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12 Things You SHOULD Be Doing When You Decorate Your Home

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    Photographed by Jens Ingvarsson.

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    Hilary Robertson is one of the lucky few who found her calling at a young age, and for this Kent, England native, it was the visual allure of spaces. Growing up in a mid-century home filled with Scandinavian designs of the time, she developed her trademark penchant for monochromatic, muted palettes and mixing the old and new. Today, Robertson is a sought-after interiors stylist and antiques buyer, her artistic eye landing her a slew of high-level creative positions, from set styling for photo shoots to buying and art directing for home brands.

    After 25 years in the biz, you could say she practically wrote the book on interior decor ā€” well, three books with a new one in the works, to be exact. And, if you devour decor blogs and Insta feeds like we do, chances are you've come across the famous images eye candy inside these coffee-table covers before (and instantly felt your jaw drop).

    So, how exactly does Robertson create an eclectic yet elegant aesthetic that makes us want to immediately move into every room she touches? We met up with the decor pro in her gorgeous Brooklyn home to get her expertise on designing a space, curating a wardrobe inspired by your home, and mastering her distinct style (hint: she meshes her T.J.Maxx fashion and home goods with flea-market finds). And, because the holidays are upon us, we also snagged her seasonal decorating and entertaining tricks for a festive abode that's anything but cheesy. Click on for all the must-know tips from one of the industry greats, and get a peek inside her stylishly packed life.


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    Honing A Creative Vision
    Her Must-Haves: Wrapping paper, plaid pants

    Tip #1: Find the similarities between the visual references you gravitate towards.
    "People are always saying to me, 'I don't know what I like,' and I say, 'I bet you do.' As soon as I start showing them things, they have an opinion. You have to dig into a memory. Look at magazines, explore Pinterest. Tear out or bookmark the things you like, and you'll probably find there's a pattern to it. You can also translate what you like in clothes to what you like in a room. If you have a style icon, say Katharine Hepburn, you can translate that into interiors. I did a shoot the other day where they said, 'This is Cary Grant on the Italian Riviera.' If you give a space a narrative, you can create around it."

    Sweater, shoes, blanket, pillows, floor poufs, tea cup, saucer, and notebooks courtesy of T.J.Maxx. For a similar style, try:

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    Tip #2: Keep the color palette simple.
    "Whether it's decor or present wrapping, I really think two colors is enough. Choose a motif, and then play within that. Even with my clothes, I choose mostly neutral solids. But, a subtle print like these plaid pants can be lovely. I'm Scottish, so I have my own tartan (our name for plaid). I've worn it since I had a kilt made for me in Edinburgh."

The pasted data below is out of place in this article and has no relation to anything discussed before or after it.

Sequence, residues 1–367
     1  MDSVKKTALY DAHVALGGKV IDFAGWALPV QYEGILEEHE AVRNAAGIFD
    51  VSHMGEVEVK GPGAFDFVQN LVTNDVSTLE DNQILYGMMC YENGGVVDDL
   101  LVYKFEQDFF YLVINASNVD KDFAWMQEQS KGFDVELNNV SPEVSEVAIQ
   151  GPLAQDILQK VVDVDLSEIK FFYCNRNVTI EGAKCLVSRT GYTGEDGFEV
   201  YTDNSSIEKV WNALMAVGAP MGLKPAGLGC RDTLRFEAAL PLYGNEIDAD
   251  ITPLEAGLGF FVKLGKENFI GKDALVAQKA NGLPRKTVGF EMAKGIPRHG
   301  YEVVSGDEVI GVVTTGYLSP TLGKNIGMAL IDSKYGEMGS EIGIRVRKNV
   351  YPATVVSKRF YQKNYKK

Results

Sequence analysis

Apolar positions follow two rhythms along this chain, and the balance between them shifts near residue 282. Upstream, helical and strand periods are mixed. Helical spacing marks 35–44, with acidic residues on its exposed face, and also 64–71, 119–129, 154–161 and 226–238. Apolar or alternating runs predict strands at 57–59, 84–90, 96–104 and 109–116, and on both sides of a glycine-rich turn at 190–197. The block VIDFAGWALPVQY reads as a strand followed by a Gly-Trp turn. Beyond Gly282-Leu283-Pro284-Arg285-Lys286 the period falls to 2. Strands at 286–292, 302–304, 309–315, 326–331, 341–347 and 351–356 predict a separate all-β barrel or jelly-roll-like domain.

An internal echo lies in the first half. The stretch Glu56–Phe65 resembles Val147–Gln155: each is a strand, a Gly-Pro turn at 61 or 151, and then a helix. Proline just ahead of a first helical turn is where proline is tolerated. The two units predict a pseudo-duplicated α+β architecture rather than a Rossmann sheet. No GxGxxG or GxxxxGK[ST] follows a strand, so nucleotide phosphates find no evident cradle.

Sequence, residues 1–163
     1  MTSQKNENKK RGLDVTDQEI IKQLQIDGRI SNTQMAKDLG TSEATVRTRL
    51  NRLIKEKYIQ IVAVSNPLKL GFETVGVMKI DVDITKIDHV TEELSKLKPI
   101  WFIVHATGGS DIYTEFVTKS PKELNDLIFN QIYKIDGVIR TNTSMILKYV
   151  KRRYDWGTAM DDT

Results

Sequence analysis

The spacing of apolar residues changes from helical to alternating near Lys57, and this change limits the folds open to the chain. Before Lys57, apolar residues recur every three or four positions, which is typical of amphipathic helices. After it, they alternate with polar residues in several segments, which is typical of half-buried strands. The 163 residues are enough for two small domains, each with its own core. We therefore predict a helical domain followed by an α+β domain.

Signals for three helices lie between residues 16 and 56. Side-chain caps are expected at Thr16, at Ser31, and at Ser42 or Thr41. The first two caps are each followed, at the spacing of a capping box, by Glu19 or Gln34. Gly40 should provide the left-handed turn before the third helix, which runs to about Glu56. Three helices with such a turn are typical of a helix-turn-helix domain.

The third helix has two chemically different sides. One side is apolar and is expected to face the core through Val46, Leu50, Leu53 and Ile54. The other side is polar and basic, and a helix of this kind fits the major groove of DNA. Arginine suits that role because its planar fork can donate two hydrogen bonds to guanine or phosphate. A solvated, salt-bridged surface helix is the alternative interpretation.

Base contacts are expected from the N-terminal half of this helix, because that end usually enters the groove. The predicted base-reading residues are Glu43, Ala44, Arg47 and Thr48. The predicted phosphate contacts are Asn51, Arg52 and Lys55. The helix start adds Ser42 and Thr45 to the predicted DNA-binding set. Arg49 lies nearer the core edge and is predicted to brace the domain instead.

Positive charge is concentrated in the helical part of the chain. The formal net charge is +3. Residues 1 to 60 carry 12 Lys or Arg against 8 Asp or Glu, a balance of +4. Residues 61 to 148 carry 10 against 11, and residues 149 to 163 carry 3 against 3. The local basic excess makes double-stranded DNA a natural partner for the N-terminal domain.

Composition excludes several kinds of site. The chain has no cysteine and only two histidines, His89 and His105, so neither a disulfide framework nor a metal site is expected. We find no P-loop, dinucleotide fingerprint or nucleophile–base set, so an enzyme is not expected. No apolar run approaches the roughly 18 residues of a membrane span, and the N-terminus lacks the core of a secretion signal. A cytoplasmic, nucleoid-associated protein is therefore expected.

Wrapping paper, ribbons, and pants courtesy of T.J.Maxx.

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    Tip #3: When curating a shelf or a mantel, play with objects in a variety of sizes and metallics for a festive touch.
    "For me, the holidays are all about scent and sparkle. My mantel will always have a real spruce garland. We've tried alternative trees, but nothing beats the smell of a real tree. Aside from that, all you really need are some candles of different heights and a few fiber-optic lights. Think about the scale of things. Put a busy area next to a quiet, simple area with one beautiful thing. Negative space is very important. If you want something more festive, throw something metallic, like these silver pinecones in the mix."

    Bracelets, earrings, candle holder, metal tin, and pinecone decor courtesy of T.J.Maxx.

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    Creating A Work-Life Environment
    Her Must-Haves: Colored pen and pencil set, cozy sweater cape

    Tip #1: Carve out an inspiring place in your home (and spare time) to focus on passion projects.
    "My background is in magazines, and what I do now is mostly designing sets and shoots. A lot of the time, I'm bringing someone else's vision to life. The only way to combine the two is to write a book, and I'm working on my next one now. Creatively, this is much more satisfying. I couldn't have done this when my son Gus was younger, because I wouldn't have had time. But, now, he's at a very easy age. If you can carve out time for it, you should."

    Pants, shoes, briefcase, and vase courtesy of T.J.Maxx. For a similar style, try:

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    Tip #2: Color coordination isn't just for decor ā€” it's great for organizing work projects, too.
    "I'm working on my next book right now. It's all about monochrome interiors. The research process involves working online and going through this massive archive of books and magazines I have. I'm constantly marking up my captions with different colored pens and pencils to keep my thoughts organized."

    Colored pen and pencil set, magnifying glass, phone case, and metal tin courtesy of T.J.Maxx.